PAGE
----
A Blog About Urbanism
This blog presents the views and insights of the author on urbanism in the Americas and Europe. Reviews focus on the analysis and history of the places we call home.
The reader is invited to use the Themes sidebar to see material classified by several areas of interest:
- local activism to change and improve your neighborhood;
- learning about urbanism as an experience-based discipline;
- using the information as a travel guide when visiting featured places.
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Lewis N. Villegas
The Principles of Urbanism
In the last decade of the 20th century attention among the city design professionals in the west returned to issues of quantifying or coding urbanism and community design.
In the U.S. the first steps gave shape to the Ahwanee Principles.
In western Canada we are still lost at sea, seemingly oblivious to the direct link between good places and good governance.
In matters of cities it is important to recognize that Europe and the regions in the Americas settled before 1850 march to a different beat.
A rapid set of technological innovations started to change the way we experienced the places we call home during the Industrial Revolution. First canals, then railways, freeways and cars, all in quick succession, have stretched the urban footprint away from its original conception. The brake-neck pace of technological change itself has influenced how we think about the permanence of places. With the dawn of the digital age, the pace of change only picked up speed.
Prior to the industrial revolution, and the mechanization of agriculture, transportation and communication, cities were designed according to the principles of Human Scale. In other words, the places we made were shaped to resonate with the functioning of human sense perception. Thus, a Mission bell established a radius of sound congruent with the ability of the human ear to hear it, and this radius defined the footprint of a community. Likewise with the 120 acre|50 hectare urban footprint established by a 5 minute walking radius. A neighborhood or village was defined by all the building sites located a 5 minute walking distance from the central place, a square or piazza.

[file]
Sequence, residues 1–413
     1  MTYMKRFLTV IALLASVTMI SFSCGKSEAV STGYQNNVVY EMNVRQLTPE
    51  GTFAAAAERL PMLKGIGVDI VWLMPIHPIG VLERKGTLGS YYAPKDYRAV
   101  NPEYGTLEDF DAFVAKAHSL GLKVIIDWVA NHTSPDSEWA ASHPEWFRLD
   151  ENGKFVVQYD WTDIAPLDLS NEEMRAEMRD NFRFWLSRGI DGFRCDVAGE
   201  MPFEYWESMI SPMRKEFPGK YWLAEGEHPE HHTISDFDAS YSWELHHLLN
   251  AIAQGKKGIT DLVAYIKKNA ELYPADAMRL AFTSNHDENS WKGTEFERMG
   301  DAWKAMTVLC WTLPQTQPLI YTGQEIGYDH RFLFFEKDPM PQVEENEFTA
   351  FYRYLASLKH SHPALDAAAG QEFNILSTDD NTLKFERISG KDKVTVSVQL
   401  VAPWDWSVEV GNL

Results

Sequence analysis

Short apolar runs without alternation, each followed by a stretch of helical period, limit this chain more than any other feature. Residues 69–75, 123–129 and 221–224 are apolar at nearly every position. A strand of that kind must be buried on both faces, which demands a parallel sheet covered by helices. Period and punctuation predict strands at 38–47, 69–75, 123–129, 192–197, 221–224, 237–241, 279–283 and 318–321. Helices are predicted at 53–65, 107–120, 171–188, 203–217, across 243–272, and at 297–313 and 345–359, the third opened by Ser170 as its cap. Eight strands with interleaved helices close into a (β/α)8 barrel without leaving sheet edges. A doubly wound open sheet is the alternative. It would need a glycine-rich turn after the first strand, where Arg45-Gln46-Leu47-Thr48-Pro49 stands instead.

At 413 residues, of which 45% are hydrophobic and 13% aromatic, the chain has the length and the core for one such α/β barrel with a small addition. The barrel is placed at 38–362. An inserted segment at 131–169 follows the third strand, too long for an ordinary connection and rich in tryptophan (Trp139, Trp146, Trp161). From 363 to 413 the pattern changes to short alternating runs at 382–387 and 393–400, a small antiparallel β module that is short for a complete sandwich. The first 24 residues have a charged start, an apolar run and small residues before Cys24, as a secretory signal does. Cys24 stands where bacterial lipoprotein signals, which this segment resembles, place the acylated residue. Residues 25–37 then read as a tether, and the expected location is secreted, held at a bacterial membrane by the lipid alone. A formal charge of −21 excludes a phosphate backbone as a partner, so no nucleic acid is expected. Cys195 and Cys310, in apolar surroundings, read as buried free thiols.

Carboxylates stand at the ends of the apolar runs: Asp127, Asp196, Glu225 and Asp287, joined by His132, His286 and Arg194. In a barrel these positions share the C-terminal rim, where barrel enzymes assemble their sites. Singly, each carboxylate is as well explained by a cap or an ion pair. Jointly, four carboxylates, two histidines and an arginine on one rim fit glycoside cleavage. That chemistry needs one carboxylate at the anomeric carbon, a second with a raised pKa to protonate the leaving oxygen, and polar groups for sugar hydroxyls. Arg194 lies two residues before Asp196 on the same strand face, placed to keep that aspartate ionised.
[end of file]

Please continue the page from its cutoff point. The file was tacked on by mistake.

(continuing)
By the middle of the twentieth century, automobile scale had taken over. Shopping centers characterized by wide open expanses for parking became the piazze. For example, a ‘Panorama Plaza’ announced itself as a privately owned, commercially focused people place. ‘Neighborhoods’ were given over to developers of large tracks of single family housing. Each house on a single lot, fitted with a driveway and a garage. The turning radius of the automobile, and how far it could travel in 5 minutes became the new measure of place, the Automobile Scale. Walking became pointless. There was nowhere to go. And anywhere one might be interested in going was too far away. The car moves 10-times faster, or further, than a human being.
Thus, at precisely the same time that cities were expanding at a break-neck pace to accommodate the Post World War II boom, a fundamental change took over. We started conceiving our sense of place by how far we could travel in 20 minutes, and how many trips were necessary everyday. The standing-still rush hour parking lot, or congestion on the freeways and street, soon followed. ‘Gridlock’ was a word coined in New York City by a traffic engineer at the by the 1970s.
TOWERS AND SUBWAYS
Thus, by the 1970s the gulf that had opened between the dream of being modern and Modernism had infected our cities and towns. Its origins, however, lay elsewhere.
In New York City, Wall Street had been growing by fits and spasms since the end of the American Civil War (1865). The need to move workers into the southern tip of Manhattan first caused the construction of four elevated railways cutting through neighboring districts that were quickly filling with tenement houses. Thirty five years later (1904) a subway opened connecting Wall Street to City Hall. Six years later the magnate owner of the Woolworth five and dime discount store chain began construction of what would be ‘the tallest building in the world’ until it was surpassed by a tower built at 40 Wall Street 17 years later.